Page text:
As you well know, there are some major issues with our supply chain right now. Store shelves are consistently empty, and certain products like baby formula, fertilizer, and several others are running scarce pretty much everywhere. On top of all that, inflation and these shortages have caused the prices of just about everything to rise rather dramatically in recent months.
To put it simply, consumers are growing increasingly nervous about putting food on their tables and making their money stretch from paycheck to paycheck. And it’s caused some of us to look a bit more closely at events that seem to be happening more and more often.
Take, for instance, the apparent increase in fires at farms and food production facilities.
If you didn’t know, there have been seven rather major fires at farms throughout the US in the past ten days.
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On May 28, a fire on a farm in Laveen, Arizona, killed more than a hundred animals, chickens, sheep, goats, and even two dogs included, according to KNPX-TV.
On Friday, a barn in Lehigh County, Pennsylvania, caught fire, sending about 70 cows running for their lives. Fortunately, none were injured or killed. Saturday, a fire destroyed a luckily empty barn in Cedarville, New York. That same night an egg production facility caught fire in Wright County, Minnesota, sending tens of thousands of chickens to their death, according to WCCO-TV in Minneapolis.
Also, a horse farm near North Smithfield, Rhode Island, caught fire on that day. Thankfully, none of the 40 horses housed there were hurt. But just a few days before that, a horse ring at the same farm was destroyed by another fire.
And the most recent occurred on Monday, when a barn in Hanover Township, Ohio, burned down. Again, no one or animals were fortunately hurt, according to the Butler County Journal News.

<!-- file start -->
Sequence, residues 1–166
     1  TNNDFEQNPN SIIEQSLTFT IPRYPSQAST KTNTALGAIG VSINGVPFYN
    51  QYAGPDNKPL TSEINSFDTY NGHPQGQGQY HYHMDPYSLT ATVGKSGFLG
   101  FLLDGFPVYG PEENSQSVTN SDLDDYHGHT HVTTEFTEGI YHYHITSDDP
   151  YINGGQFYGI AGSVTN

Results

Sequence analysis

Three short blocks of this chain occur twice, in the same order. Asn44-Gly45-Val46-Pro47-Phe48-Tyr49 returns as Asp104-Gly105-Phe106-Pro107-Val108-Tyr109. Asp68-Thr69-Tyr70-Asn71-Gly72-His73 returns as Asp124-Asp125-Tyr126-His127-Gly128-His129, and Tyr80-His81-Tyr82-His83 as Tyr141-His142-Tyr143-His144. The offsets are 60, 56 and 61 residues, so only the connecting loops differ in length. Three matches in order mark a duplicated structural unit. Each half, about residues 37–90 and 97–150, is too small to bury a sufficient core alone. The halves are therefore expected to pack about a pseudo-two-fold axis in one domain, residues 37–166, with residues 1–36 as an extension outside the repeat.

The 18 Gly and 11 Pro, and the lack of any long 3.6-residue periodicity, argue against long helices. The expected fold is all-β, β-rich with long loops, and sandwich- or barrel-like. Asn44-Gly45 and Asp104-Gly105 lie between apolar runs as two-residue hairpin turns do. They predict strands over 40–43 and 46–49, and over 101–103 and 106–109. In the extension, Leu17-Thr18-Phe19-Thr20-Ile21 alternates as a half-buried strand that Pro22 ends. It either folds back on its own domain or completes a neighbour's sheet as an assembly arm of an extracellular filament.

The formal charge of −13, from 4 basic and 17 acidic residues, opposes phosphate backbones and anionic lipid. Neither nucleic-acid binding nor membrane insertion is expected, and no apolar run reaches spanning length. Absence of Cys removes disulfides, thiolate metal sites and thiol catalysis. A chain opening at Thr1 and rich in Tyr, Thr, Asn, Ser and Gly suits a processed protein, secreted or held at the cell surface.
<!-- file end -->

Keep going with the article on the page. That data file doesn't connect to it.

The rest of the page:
Now, to be sure, none of these farms, aside from the chicken egg production one, causes any real sort of damage as far as production or supplies, or even loss of life.
But it still might cause one to wonder why so many fires seem to be occurring in such a short amount of time. Is it just a coincidence?
The answer is only made more interesting in light of recent warehouse and food supply fires that have occurred in recent weeks and months.
Then again, could it just be that we are only noticing these fires more because of those recent events? According to Healthline, it could be a simple case of the Baader-Meinhof phenomenon or “red car syndrome.”
It basically goes that if you decide to buy a red car, somehow you suddenly seem to notice red cars everywhere. There really aren’t any more red cars on the road than before. You are simply seeing them more.
So maybe just because we’ve been thinking about these recent fires, which could potentially affect our already strained supplies, we are noticing more of them.
And according to a report by “Facts Matter with Roman Balmakov,” it’s not like there have really been all that more or less food processing plant fires than in either 2020 or 2021. They have apparently just been covered by the media a bit more.
Another thing to note is that while we might want to assume some conspiracy is going on to make more sense of all this, there really aren’t any facts that support that theory.
There have been no reports of arson and no real consistencies in either the fire types, where they have been located, the types of farms, or what they affect. As we saw with the recent farm fires, one managed to kill thousands of egg-laying chickens, causing massive destruction. Meanwhile, another burned down a completely empty barn.
Neither was any sort of real production or food distribution affected. As Balmakov reported, other facilities were more than able to take up the slack for damaged plants, produce, etc.
And yet, for some reason, I still can’t push aside the idea that all of this might be connected somehow. How about you?